The Natural History Review, Issues 9-12

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Hodges & Smith, 1868
 

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Page 27 - In the six hundredth year of Noah's life, in the second month, the seventeenth day of the month, the same day were all the fountains of the great deep broken up, and the windows of heaven were opened.
Page 27 - And the waters prevailed exceedingly upon the earth; and all the high hills, that were under the whole heaven, were covered.
Page 324 - ... a little particle of apparently homogeneous jelly changing itself into a greater variety of forms than the fabled Proteus, laying hold of its food without members, swallowing it without a mouth, digesting it without a stomach, appropriating its nutritious material without absorbent vessels or a circulating system, moving from place to place without muscles, feeling (if it has any power to do so) without nerves, multiplying itself without eggs ; and not only this, but in many instances forming...
Page 137 - Diagrams of the Nerves of the Human Body, exhibiting their Origin, Divisions, and Connexions, with their Distribution to the various Regions of the Cutaneous Surface, and to all the Muscles. By WILLIAM H.
Page 383 - ... accept the undulatory theory of light, subject to the proof of the existence of the hypothetical ether ; or as the chemist adopts the atomic theory, subject to the proof of the existence of atoms ; and for exactly the same reasons, namely, that it has an immense amount of prima facie probability: that it is the only means at present within reach of reducing the chaos of observed facts to order; and lastly, that it is the most powerful instrument of investigation which has been presented to naturalists...
Page 24 - ... proportions. The first growth on the same kind of land, once cleared and then abandoned to nature, on the contrary, is nearly homogeneous, often stinted to one or two, at most three kinds of timber. If the ground has been cultivated, the yellow locust will thickly spring up ; if not cultivated, the black and white walnut will be the prevailing growth. * * * Of what immense age then must be the works so often referred to, covered as they are by at least the second growth, after the primitive forest...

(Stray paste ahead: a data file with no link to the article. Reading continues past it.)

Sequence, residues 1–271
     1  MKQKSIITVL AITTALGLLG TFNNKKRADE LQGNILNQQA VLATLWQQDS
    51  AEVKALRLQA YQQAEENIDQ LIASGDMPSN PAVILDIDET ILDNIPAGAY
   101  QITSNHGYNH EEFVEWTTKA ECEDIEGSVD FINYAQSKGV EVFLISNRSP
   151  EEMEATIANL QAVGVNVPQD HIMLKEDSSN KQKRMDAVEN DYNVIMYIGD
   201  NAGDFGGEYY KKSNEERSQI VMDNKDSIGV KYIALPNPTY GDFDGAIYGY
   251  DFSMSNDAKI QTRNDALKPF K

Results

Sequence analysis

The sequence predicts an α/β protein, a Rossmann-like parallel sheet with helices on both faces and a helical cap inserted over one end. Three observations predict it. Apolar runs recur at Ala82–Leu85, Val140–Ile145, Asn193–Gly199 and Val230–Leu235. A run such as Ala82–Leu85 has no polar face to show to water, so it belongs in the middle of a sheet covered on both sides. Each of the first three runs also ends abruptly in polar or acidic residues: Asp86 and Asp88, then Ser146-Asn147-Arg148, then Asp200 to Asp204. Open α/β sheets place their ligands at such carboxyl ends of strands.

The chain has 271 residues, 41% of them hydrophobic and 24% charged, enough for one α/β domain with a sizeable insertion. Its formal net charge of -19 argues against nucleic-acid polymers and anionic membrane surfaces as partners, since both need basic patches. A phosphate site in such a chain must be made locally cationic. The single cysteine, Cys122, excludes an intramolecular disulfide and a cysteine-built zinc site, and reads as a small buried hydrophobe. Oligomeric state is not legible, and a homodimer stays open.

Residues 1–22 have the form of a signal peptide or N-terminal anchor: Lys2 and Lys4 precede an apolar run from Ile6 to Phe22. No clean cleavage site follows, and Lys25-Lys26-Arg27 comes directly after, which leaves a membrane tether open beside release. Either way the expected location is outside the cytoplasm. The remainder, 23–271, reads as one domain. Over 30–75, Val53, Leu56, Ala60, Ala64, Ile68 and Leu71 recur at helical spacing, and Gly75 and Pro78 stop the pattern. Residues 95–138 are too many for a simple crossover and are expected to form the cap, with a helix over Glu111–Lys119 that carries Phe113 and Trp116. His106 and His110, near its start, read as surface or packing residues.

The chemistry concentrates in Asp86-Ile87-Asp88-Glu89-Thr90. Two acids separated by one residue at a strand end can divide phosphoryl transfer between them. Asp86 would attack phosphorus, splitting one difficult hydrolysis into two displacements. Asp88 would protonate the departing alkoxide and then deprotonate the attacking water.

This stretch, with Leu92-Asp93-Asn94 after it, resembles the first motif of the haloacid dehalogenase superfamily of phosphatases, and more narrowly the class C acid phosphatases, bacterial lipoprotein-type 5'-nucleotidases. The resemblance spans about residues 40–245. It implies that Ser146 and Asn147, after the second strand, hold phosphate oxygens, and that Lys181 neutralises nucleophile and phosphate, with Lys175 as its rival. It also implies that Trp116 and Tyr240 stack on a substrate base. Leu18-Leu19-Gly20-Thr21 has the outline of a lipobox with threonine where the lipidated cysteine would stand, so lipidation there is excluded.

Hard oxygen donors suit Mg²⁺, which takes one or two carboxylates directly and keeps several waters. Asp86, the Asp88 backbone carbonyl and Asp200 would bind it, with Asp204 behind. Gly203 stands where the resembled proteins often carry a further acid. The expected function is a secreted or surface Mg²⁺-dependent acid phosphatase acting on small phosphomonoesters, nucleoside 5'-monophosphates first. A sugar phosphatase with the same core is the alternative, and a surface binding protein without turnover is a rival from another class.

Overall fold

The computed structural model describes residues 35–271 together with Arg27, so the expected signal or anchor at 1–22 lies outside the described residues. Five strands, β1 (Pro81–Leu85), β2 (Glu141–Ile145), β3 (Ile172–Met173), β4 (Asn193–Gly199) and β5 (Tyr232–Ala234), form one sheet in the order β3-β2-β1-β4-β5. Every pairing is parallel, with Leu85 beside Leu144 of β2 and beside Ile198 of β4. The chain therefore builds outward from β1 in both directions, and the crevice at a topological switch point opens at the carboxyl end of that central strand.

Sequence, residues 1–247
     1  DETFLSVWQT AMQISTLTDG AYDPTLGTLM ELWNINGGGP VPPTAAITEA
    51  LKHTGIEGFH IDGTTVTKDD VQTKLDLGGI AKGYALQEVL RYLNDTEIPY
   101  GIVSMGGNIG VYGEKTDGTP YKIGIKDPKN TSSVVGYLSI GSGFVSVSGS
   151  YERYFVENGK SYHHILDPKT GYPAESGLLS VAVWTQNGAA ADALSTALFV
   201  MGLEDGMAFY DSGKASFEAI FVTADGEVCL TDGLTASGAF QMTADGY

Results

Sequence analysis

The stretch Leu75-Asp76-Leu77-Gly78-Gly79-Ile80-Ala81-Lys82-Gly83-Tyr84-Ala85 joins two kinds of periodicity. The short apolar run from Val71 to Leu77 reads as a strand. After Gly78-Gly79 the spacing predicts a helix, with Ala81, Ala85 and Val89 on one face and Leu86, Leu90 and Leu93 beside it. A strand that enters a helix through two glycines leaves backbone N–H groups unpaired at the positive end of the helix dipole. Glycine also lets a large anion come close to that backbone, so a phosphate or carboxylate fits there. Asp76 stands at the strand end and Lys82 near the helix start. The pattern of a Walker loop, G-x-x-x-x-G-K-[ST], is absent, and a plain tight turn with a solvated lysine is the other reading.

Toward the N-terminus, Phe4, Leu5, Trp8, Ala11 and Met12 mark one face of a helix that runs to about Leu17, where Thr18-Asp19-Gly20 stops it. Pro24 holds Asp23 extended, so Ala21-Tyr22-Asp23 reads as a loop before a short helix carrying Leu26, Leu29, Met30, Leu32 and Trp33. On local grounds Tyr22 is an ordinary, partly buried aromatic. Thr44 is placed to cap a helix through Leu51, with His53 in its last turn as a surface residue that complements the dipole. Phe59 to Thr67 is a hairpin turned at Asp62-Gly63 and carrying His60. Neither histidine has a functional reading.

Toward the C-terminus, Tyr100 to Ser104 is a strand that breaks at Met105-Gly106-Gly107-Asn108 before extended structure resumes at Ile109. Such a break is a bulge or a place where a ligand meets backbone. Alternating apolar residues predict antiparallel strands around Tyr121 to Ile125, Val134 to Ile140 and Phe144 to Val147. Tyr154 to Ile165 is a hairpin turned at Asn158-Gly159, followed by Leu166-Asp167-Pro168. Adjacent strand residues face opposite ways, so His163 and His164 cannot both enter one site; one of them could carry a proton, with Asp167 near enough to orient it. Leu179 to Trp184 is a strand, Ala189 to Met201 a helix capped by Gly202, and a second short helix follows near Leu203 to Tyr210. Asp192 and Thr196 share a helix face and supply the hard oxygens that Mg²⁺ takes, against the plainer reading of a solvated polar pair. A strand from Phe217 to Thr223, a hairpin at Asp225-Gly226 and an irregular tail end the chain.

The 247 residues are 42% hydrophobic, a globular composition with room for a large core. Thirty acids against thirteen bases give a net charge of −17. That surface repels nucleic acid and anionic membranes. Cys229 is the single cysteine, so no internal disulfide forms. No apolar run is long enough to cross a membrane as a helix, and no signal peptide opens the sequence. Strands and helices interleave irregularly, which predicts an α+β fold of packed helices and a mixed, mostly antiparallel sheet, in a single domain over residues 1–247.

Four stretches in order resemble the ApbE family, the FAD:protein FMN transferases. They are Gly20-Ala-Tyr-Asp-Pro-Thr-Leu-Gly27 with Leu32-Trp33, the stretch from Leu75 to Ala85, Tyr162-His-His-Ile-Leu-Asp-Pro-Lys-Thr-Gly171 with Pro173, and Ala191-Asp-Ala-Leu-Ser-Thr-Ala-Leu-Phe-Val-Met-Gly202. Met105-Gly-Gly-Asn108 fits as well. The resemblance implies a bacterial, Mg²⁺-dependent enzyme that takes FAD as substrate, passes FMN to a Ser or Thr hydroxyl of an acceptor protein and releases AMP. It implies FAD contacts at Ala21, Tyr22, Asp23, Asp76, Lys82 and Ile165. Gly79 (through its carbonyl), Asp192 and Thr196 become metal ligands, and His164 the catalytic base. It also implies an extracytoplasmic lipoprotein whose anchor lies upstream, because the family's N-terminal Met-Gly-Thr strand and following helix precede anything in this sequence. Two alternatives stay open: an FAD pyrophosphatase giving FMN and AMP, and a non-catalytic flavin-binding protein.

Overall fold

Page 17 - Its solid contents have been roughly estimated at twenty millions of cubic feet. Probably, however, these mounds were not used as temples only, but also as sites for dwellings, especially for those of the chiefs. We are told that among the Natchez Indians "the temples and the dwellings of the chiefs were raised upon mounds, and for every new chief a new mound and dwelling were constructed.
Page 383 - But if Man be separated by no greater structural barrier from the brutes than they are from one another — then it seems to follow that if any process of physical causation can be discovered by which the genera and families of ordinary animals have been produced, that process of causation is amply sufficient to account for the origin of Man. In other words, if it could be shown that the Marmosets, for example, have arisen by gradual modification of the ordinary Platyrhini, or that both Marmosets...
Page 478 - Grammar of the Egyptian Language, as contained in the Coptic, Sahidic, and Bashmuric Dialects ; together with Alphabets and Numerals in the Hieroglyphic and Enchorial Characters. By the Rev. HENKY TATTAM, DD, FRS Second edition, revised and corrected. 8vo., cloth. 9«.
Page 383 - But, even leaving Mr. Darwin's views aside," continues Prof. Huxley, "the whole analogy of natural operations furnishes so " complete and crushing an argument against the intervention of any " but what are termed secondary causes in the production of all the

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